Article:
The reports, some dating back to 2004, are not a complete inventory of all events that product users may have suffered. Most people, and many doctors, do not know how to file these reports or do not get around to filing them. And even when a product actually causes an illness, a user or doctor may not associate the product with the illness.

The new reports detail the events suffered by users of 5-Hour, Monster, and Rockstar energy drinks. These include:

  • Deaths due to heart attack or suicide linked to 5-Hour Energy
  • A miscarriage linked to 5-Hour Energy
  • Convulsions, life-threatening fear, deafness, and hemorrhage linked to 5-Hour Energy
  • Deaths due to heart attack or loss of consciousness linked to Monster Energy drink
  • Hospitalization due to irregular heartbeat, severe diarrhea, migraine, psychotic disorder, heart attack, and/or vomiting linked to Monster Energy drink
  • Disability from irregular heartbeat or stroke linked to Rockstar Energy drink
  • Hospitalization due to psychotic disorder, increased heart rate, or loss of consciousness linked to Rockstar Energy drink

All of these reports are collected by the product manufacturers. Because they market their products as nutritional supplements, they are required to submit them to the FDA.

There are many reasons why people use energy drinks.

Barbara Aufiero reports in the Livestrong article, Why Do People Buy Energy Drinks?

Daytime Sleepiness

Many people depend on coffee to start their day. Caffeine boosts your energy and causes you to feel more alert and awake. Since these effects wear off after a few hours, you may experience a mid-afternoon lull shortly after lunch. Energy drinks can provide the extra oomph that you seek in order to get through your day. These energy drinks are often marketed towards young adults who have responsibilities in addition to work, such as family obligations, or aspirations to further their education.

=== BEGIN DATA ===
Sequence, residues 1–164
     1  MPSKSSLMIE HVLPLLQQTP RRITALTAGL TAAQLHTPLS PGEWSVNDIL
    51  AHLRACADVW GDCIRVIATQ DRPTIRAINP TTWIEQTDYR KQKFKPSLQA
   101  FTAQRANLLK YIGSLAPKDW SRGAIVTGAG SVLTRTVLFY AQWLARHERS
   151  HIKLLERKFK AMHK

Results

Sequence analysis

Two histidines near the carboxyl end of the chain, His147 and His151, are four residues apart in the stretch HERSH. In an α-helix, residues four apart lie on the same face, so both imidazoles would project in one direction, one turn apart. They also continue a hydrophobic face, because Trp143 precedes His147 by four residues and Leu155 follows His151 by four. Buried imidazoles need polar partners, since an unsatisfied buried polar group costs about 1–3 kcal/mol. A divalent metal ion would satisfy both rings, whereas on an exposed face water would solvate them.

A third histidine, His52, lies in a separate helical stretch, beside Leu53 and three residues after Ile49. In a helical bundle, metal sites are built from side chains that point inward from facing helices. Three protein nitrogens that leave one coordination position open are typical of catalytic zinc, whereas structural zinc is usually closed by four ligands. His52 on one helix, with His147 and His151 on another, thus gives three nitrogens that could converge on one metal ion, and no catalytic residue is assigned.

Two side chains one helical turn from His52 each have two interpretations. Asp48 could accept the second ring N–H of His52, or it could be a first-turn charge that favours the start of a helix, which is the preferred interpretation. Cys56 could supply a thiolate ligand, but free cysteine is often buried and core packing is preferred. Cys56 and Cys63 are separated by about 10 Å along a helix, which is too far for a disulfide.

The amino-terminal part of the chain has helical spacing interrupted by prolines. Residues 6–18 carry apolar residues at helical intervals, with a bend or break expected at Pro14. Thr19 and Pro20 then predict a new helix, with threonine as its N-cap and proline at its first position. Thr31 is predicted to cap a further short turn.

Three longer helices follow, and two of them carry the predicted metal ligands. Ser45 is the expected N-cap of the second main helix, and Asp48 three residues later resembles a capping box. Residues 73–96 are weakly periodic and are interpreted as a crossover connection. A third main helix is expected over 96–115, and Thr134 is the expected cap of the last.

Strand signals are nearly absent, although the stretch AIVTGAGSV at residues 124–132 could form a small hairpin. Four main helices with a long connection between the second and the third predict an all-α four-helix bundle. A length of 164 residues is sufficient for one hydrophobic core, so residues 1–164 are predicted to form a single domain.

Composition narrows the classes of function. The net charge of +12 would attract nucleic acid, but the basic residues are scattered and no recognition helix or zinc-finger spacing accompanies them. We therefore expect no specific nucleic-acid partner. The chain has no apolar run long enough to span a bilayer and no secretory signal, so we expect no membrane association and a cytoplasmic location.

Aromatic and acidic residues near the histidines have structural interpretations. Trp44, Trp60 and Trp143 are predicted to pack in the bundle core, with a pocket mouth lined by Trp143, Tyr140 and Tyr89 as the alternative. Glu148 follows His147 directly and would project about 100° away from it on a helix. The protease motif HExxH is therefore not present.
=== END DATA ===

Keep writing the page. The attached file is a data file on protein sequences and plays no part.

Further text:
Lack of Sleep

The regular use of energy drinks may be indicative of an underlying condition such as fatigue or insomnia, according to registered dietitian Kara Mitchell from Duke University. Fatigue is a symptom of a multitude of mental and physical health conditions. Fatigue caused by insomnia or lack of sleep is treatable. However, frequent use of energy drinks may mask the underlying condition. Energy drinks may also cause adverse health conditions such as irritability and high blood pressure, according to Mitchell.


The majority of energy drinks do not contain alcohol. Mixing alcohol with energy drinks is not uncommon among college students and young adults. The idea is that caffeine will reduce the sedative effects of alcohol and make you more alert. Researchers assessed the attention and reaction times of young adult drinkers between the ages of 21 and 30, after drinking energy drinks with alcohol. This study was published in the February 2011 issue of “Addiction,” and found an association between alcohol and impairments in attention and reaction. However, the addition of caffeine did not mitigate these impairments.

Increase Performance

Energy drinks and sports drinks, like Gatorade and Powerade, are not interchangeable. As such, they may be kept in separate aisles at supermarkets. Dr. Edward Laskowski of the Mayo Clinic suggests drinking water or sports drinks when you exercise, not energy drinks. One reason is that sports drinks replenish fluids and electrolytes, whereas energy drinks do not. Another reason is that the caffeine in energy drinks may cause restlessness, headaches, nausea and tremors. Excessive use is associated with chest pains, seizures, heart attack and even sudden cardiac death.

Whatever benefit there is to the use of energy drinks must be weighed against the risks which can be substantial for some individuals.


Energy Drinks (Audio Description)

Nutrition and Sports

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One Response to “Energy drinks may pose a danger”


  1. University of Buffalo study: Caffeine affects boys and girls differently | drwilda - June 22, 2014

    […] As more young people consume energy drinks, more problems are occurring. […]